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3 practice notes
  • Matter of Athanasopoulos, Interim Decision Number 2113
    • United States
    • U.S. DOJ Board of Immigration Appeals
    • December 30, 1971
    ...of an opportunity to produce evidence in refutation of the testimony of his former wife and the witness, Collazo. Cf. Sercerchi v. Ward, 27 F.Supp. 437, 440 (D.Mass., 1939) and cases cited. Their unrefuted testimony is candid, unequivocal and The good faith of the marital relationship is th......
  • Matter of B----, A-5504324.
    • United States
    • U.S. DOJ Board of Immigration Appeals
    • February 15, 1961
    ...if he returned from a temporary visit abroad (United States ex rel. Alther v. McCandless, 46 F.2d 288 (C.A. 3, 1931; Sercerchi v. Ward, 27 F.Supp. 437 (D.C. Mass., This record fails to satisfy the first requirement (that the alien have been lawfully admitted for permanent residence); howeve......
  • Van Dyke v. Reich, No. 77.
    • United States
    • United States District Courts. 3th Circuit. United States District Courts. 3th Circuit. Western District of Pennsylvania
    • May 9, 1939
    ...suit was brought on January 16, 1939. In answer to the complaint, the defendant raised only the question of the Statute of Limitations. 27 F. Supp. 437 Thereupon, the plaintiff filed his motion for judgment on the pleadings, which is now before the Court for The sole question to be determin......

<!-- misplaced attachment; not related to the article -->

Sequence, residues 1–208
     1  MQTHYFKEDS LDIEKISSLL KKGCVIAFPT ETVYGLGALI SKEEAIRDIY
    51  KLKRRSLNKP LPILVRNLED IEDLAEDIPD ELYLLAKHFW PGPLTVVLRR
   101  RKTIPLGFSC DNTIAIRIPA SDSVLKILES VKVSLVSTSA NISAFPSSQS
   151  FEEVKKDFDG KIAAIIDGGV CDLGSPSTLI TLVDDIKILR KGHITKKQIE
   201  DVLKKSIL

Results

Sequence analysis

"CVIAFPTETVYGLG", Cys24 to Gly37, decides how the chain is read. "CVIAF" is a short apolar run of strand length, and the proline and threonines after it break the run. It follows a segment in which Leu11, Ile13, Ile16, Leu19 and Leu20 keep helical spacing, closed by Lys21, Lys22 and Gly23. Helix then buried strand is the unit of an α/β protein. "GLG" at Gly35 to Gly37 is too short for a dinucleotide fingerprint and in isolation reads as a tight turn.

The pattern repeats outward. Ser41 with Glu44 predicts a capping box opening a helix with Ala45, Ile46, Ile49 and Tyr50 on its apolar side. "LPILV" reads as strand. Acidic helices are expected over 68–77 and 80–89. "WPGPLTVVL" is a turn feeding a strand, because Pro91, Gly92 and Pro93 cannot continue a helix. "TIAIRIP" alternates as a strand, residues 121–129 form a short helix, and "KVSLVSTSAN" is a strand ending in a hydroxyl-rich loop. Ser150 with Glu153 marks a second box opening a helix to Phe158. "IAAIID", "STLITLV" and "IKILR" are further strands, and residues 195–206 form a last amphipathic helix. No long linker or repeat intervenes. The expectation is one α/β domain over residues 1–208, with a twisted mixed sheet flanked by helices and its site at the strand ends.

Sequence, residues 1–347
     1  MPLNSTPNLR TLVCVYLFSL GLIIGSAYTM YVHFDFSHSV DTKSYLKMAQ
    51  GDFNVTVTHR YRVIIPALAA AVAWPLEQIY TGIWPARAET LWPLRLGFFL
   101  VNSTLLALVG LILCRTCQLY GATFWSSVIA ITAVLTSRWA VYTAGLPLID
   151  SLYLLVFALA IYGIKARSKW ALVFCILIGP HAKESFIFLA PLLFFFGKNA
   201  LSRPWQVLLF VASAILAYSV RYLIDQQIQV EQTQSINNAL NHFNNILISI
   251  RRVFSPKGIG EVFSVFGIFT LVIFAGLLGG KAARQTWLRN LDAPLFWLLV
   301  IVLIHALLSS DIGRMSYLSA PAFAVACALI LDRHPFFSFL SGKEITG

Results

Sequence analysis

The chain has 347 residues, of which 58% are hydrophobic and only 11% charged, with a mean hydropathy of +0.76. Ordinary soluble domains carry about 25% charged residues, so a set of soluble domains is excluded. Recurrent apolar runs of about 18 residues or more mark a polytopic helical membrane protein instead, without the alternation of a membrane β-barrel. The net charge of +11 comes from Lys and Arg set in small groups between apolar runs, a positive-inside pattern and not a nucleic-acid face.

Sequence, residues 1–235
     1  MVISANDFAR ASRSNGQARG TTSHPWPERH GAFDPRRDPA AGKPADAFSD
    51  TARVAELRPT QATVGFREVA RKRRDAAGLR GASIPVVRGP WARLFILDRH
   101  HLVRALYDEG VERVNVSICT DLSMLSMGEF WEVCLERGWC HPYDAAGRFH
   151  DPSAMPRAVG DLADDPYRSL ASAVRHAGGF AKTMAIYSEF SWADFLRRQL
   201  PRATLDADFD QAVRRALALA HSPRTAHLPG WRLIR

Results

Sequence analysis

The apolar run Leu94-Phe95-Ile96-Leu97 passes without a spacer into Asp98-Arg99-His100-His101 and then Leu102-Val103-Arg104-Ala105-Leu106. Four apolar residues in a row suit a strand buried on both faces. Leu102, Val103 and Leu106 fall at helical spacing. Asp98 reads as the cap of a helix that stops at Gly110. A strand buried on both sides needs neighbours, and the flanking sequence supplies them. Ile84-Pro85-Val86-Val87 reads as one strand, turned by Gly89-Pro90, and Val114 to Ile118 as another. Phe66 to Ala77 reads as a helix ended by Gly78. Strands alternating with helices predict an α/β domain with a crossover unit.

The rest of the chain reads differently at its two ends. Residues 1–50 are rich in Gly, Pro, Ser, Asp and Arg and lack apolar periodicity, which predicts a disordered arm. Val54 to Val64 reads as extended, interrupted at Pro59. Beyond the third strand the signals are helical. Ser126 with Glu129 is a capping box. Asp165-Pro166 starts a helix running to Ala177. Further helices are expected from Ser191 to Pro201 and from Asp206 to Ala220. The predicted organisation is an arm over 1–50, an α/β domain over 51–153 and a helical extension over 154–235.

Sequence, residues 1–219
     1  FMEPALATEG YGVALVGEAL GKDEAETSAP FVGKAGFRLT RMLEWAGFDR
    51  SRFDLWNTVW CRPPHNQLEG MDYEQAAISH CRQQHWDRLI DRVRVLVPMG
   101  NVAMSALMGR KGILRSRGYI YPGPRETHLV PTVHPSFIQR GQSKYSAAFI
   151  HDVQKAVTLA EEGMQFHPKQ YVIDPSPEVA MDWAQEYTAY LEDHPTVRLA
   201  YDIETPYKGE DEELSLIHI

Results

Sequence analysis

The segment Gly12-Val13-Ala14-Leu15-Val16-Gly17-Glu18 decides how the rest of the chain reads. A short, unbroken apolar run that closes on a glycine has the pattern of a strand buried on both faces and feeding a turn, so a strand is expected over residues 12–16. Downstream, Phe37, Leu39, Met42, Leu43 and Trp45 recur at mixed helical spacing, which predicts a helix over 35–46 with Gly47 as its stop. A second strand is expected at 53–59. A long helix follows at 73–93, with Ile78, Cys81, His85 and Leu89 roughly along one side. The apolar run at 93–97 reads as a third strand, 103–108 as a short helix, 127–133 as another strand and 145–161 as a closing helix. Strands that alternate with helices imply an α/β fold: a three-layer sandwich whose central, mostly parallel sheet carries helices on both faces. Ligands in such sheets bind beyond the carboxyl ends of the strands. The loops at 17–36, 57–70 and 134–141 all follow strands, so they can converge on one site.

3 cases
  • Matter of Athanasopoulos, Interim Decision Number 2113
    • United States
    • U.S. DOJ Board of Immigration Appeals
    • December 30, 1971
    ...of an opportunity to produce evidence in refutation of the testimony of his former wife and the witness, Collazo. Cf. Sercerchi v. Ward, 27 F.Supp. 437, 440 (D.Mass., 1939) and cases cited. Their unrefuted testimony is candid, unequivocal and The good faith of the marital relationship is th......
  • Matter of B----, A-5504324.
    • United States
    • U.S. DOJ Board of Immigration Appeals
    • February 15, 1961
    ...if he returned from a temporary visit abroad (United States ex rel. Alther v. McCandless, 46 F.2d 288 (C.A. 3, 1931; Sercerchi v. Ward, 27 F.Supp. 437 (D.C. Mass., This record fails to satisfy the first requirement (that the alien have been lawfully admitted for permanent residence); howeve......
  • Van Dyke v. Reich, No. 77.
    • United States
    • United States District Courts. 3th Circuit. United States District Courts. 3th Circuit. Western District of Pennsylvania
    • May 9, 1939
    ...suit was brought on January 16, 1939. In answer to the complaint, the defendant raised only the question of the Statute of Limitations. 27 F. Supp. 437 Thereupon, the plaintiff filed his motion for judgment on the pleadings, which is now before the Court for The sole question to be determin......